New Python Species Invading South Floridathe daily dish
Biologists say that a highly aggressive species of python is threatening to invade South Florida in a major way, adding its numbers to those of the Burmese pythons that already plague the state, the Associated Press reported.
African rock python. Credit: Thinkstock.
The snakes in question are African rock pythons, which are the largest snakes in Africa, reaching 16 feet in length. Experts describe these pythons as among the most aggressive snakes in the world, willing to eat anything they can manage to swallow.
Wildlife officials conducted a survey on Friday to locate some of the pythons in an area of South Florida where several have been seen and captured in recent years. The survey turned up none of the snakes, but officials still believe they are there, although they hope the survey's results mean the local population of African rock pythons is on the decline.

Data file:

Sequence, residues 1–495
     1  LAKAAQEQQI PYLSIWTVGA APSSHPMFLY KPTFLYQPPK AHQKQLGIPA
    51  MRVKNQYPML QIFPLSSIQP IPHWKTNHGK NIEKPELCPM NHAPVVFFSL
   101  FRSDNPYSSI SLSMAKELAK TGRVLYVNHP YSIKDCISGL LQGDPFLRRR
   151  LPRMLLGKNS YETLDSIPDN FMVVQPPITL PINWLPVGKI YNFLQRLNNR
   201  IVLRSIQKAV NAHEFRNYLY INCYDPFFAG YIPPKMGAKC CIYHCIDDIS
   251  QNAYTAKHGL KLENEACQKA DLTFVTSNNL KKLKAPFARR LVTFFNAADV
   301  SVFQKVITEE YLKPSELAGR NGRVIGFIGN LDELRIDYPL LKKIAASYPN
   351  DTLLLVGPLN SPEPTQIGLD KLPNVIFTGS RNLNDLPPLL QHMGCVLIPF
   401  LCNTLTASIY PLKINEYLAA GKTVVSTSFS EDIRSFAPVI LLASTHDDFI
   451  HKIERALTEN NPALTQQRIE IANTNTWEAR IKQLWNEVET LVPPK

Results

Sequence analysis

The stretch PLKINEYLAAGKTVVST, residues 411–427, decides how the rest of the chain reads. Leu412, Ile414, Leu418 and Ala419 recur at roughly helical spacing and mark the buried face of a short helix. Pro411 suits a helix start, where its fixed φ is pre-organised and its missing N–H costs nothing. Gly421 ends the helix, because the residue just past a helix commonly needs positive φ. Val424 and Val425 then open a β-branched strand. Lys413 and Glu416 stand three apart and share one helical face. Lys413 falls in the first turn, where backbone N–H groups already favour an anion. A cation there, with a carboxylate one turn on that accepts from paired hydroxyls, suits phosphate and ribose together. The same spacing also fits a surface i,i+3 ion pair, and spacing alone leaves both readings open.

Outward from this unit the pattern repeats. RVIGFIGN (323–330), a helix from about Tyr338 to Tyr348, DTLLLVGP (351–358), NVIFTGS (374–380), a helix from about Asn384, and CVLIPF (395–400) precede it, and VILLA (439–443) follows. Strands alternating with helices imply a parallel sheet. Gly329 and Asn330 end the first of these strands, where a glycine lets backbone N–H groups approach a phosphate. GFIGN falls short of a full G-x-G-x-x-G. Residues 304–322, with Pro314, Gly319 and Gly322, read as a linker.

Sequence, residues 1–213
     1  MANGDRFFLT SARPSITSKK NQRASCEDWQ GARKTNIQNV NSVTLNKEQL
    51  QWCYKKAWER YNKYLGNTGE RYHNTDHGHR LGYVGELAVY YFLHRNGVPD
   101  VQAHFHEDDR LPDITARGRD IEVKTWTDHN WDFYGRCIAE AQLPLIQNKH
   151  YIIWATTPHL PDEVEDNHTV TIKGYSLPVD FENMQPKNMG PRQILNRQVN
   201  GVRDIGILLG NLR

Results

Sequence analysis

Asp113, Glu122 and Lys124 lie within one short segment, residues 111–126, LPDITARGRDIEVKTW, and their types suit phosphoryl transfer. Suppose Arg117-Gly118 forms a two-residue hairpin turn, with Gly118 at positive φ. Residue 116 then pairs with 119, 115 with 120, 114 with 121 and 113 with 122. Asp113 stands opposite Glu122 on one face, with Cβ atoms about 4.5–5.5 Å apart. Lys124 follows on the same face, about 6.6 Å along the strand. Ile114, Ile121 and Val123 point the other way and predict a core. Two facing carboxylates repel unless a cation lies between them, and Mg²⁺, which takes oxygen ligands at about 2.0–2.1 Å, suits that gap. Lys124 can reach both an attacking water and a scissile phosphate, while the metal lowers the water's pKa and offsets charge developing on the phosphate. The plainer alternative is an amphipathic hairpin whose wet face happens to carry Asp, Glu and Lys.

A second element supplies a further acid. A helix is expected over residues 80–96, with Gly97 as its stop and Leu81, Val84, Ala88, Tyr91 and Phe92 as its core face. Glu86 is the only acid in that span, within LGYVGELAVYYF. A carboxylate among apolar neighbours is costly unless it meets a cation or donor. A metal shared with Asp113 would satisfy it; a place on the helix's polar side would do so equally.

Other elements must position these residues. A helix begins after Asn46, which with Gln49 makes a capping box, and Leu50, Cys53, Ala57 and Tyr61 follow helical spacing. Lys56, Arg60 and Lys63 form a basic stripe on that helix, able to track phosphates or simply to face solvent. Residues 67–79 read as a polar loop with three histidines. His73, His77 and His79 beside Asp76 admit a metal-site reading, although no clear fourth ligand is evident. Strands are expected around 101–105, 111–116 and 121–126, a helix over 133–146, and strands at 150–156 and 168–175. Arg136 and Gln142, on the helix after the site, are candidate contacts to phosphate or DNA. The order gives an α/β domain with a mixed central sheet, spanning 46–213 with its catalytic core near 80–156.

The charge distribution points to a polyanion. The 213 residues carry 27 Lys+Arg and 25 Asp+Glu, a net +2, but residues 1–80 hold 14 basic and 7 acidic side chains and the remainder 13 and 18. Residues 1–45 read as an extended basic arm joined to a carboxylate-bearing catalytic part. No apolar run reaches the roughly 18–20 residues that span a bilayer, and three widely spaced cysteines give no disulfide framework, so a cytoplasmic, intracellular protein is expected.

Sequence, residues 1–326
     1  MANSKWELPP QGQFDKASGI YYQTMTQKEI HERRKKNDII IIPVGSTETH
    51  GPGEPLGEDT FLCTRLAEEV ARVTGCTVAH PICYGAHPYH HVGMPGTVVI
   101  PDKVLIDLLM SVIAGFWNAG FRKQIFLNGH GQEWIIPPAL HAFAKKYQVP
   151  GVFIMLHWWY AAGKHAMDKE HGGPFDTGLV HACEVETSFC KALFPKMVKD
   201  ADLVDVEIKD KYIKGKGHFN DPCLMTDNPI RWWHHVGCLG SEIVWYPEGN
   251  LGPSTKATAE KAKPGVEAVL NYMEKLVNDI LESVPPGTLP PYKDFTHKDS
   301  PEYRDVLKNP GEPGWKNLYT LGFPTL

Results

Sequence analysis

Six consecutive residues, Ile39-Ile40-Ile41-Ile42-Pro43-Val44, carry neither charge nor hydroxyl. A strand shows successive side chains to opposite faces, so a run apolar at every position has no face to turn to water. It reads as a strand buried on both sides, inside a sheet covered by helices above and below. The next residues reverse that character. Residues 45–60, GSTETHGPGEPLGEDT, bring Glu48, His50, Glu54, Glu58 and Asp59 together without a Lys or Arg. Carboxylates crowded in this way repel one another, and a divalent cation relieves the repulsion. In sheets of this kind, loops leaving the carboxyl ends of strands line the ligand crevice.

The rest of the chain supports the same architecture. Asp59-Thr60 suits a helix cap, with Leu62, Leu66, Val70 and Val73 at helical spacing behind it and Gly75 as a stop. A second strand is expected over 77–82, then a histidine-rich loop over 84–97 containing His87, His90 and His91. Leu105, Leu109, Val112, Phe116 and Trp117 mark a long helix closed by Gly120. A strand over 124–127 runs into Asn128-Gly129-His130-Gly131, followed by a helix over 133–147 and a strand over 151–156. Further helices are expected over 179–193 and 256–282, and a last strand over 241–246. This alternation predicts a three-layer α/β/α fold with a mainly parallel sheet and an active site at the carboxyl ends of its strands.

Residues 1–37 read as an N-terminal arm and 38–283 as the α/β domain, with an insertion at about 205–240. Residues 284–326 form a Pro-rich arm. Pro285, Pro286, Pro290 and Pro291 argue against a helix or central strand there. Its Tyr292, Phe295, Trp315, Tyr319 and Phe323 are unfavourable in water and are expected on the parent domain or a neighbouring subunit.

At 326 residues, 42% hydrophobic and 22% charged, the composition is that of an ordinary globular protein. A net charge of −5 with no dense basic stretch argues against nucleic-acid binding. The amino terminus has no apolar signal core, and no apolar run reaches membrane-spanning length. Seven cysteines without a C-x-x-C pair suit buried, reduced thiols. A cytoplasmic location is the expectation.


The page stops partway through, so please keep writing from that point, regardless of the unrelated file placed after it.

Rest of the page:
"The past four years, we've removed over 30," said wildlife biologist Jenny Ketterlin-Eckles. "We think, and we hope, that they haven't adapted to the Everglades yet."
It is illegal to own an African rock python as a pet in the United States, but many are smuggled into the country each year. Many people who keep the snakes illegally eventually abandon them when the animal becomes too difficult to care for. Wildlife officials believe this is how the snakes have established themselves in the South Florida ecosystem.
"They don't belong here in Florida," said Jorge Pino, spokesperson for the Florida Fish and Wildlife Conservation Commission. "Any non-native species that's introduced into the ecosystem causes havoc for the animals that are here."
African rock pythons are nonvenomous, but they can be dangerous. In September, an African rock python killed a Siberian Husky in the dog's own backyard just west of Miami. In their native Africa, they have been known to kill human children.
To report a sighting of any large snake, call 1-800-I-GOT-ONE. Those who own African rock pythons can surrender them to the state of Florida with no questions asked.